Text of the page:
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Could Cincinnati ban e-scooters? Email says city leaders are considering it

If you're hit by a Bird rental scooter -- or hit while riding one -- who's accountable?
Posted at 11:13 PM, May 13, 2022
and last updated 2022-05-14 15:08:15-04

CINCINNATI — Could electric scooters be banned in Cincinnati?

An email obtained by WCPO partner WVXU shows city leaders warned Lime and Bird about a possible ban on e-scooters the same day Cincinnati started enforcing a curfew that would only allow e-scooters to operate within city limits from 6 a.m. to 6 p.m.

"[Department of Transportation & Engineering] impressed upon Bird and Lime that for the first time, the City Administration, in response to the mounting e-scooter program associated issues, is considering the possibility of terminating the e-scooter program and banning public ride-share e-scooters from operating within the city," the email says.

The city said officials met with Bird and Lime to discuss issues brought up by the police department and community members, including e-scooter use in criminal activities, underage riding and riding on the sidewalk — an act City Council banned in 2018.

Cincinnati said the curfew would be in effect until the companies and the city could come to a resolution. As those discussions commence, Bird said it's working to "prevent policy decisions with sweeping repercussions for many." The company said it is hoping Cincinnati will retract the new regulations.

"We hope that by working to address these concerns, the city will retract its decision to implement a curfew which penalizes the tens of thousands of responsible riders who are dependent on our service for access to their jobs, education opportunities as well as healthcare services," Bird said.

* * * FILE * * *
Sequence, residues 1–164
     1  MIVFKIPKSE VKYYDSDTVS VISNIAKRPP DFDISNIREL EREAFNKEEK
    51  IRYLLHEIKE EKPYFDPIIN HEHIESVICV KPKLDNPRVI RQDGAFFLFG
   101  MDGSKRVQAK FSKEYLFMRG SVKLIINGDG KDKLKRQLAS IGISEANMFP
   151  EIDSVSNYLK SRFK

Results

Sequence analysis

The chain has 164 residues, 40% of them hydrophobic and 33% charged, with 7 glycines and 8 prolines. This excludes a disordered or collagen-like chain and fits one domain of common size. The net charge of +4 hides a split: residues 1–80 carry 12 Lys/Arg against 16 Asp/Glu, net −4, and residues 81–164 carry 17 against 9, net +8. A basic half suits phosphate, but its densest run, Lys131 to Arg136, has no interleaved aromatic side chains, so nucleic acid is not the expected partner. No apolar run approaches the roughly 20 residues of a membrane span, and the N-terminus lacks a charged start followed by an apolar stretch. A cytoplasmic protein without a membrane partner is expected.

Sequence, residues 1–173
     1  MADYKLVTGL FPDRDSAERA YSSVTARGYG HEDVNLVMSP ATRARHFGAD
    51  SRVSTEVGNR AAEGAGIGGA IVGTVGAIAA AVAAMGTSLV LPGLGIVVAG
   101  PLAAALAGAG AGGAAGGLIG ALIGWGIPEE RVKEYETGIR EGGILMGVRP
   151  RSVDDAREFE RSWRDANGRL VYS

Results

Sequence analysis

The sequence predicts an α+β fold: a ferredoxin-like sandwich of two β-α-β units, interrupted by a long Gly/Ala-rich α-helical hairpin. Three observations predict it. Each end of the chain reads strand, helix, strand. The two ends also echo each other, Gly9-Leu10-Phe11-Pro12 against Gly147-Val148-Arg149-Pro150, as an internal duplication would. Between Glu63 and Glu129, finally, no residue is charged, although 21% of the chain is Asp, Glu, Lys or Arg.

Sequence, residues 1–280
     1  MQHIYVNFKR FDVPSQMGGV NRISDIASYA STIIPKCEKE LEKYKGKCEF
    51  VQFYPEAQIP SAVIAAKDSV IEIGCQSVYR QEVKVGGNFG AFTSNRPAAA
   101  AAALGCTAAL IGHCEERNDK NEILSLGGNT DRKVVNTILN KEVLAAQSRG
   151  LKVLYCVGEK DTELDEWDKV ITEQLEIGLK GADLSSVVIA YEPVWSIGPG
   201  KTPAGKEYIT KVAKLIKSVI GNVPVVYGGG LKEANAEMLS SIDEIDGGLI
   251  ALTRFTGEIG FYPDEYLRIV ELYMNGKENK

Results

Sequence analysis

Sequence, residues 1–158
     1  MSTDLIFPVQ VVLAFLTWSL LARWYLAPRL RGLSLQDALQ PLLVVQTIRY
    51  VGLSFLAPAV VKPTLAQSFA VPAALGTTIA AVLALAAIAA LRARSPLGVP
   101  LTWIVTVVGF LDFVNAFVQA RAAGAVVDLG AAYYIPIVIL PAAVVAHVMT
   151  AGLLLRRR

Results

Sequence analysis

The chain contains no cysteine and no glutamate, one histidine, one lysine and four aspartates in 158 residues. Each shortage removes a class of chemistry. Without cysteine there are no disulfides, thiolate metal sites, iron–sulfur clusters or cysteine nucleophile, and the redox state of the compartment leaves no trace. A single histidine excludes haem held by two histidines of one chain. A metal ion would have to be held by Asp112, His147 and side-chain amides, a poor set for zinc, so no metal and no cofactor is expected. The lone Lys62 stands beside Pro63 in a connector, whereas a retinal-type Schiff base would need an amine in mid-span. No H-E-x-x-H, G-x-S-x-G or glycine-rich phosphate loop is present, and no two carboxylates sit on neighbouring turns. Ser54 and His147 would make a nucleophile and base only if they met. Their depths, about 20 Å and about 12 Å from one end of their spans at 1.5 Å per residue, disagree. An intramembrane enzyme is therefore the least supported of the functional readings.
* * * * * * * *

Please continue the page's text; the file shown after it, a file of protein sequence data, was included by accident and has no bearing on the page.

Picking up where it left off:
The devices are popular downtown.

“It saves the environment, too,” Brad Smith said. “It requires no gas or anything. You just plug in and it’s good to go.”

Still, e-scooters used on sidewalks or for criminal activities would be a safety issue.

"I can see it on both sides,” said Justin Couch, a frequent rider who bought his own scooter. “I understand the side of people who are done with it, because a lot of people kind of abuse the right to ride the scooter. Some of them are not being responsible. For the people who are responsible, it kind of ruins it for them.”

This is not the first time the city has discussed banning e-scooters. When the council banned e-scooters from the sidewalk, former council member Chris Seelbach suggested banning them altogether. Riders said they hope that's not the result.

"As long as everybody is following traffic rules and being nice to everybody, it should be fine," Jason Smith said. "Hopefully they don't get away with them.”

City officials will discuss the issue at the next Public Safety and Governance Committee meeting Tuesday.

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